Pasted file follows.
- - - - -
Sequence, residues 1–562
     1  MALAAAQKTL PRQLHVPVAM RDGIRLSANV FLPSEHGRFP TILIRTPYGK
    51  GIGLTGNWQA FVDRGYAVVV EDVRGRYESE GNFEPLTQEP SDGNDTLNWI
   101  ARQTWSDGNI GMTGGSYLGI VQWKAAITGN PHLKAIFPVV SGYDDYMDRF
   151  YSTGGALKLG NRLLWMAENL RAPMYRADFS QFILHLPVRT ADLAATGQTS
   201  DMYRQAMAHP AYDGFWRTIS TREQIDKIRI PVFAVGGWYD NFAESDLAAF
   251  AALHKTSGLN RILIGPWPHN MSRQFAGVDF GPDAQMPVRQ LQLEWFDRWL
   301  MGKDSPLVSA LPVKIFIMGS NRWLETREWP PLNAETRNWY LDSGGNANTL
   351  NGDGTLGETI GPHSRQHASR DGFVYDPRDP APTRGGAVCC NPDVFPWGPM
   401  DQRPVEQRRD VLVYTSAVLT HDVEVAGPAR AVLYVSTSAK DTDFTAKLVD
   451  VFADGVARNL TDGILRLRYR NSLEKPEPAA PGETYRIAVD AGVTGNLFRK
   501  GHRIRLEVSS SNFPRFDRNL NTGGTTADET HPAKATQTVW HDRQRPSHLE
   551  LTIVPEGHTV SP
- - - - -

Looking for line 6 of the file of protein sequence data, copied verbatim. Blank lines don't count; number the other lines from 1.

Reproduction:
   201  DMYRQAMAHP AYDGFWRTIS TREQIDKIRI PVFAVGGWYD NFAESDLAAF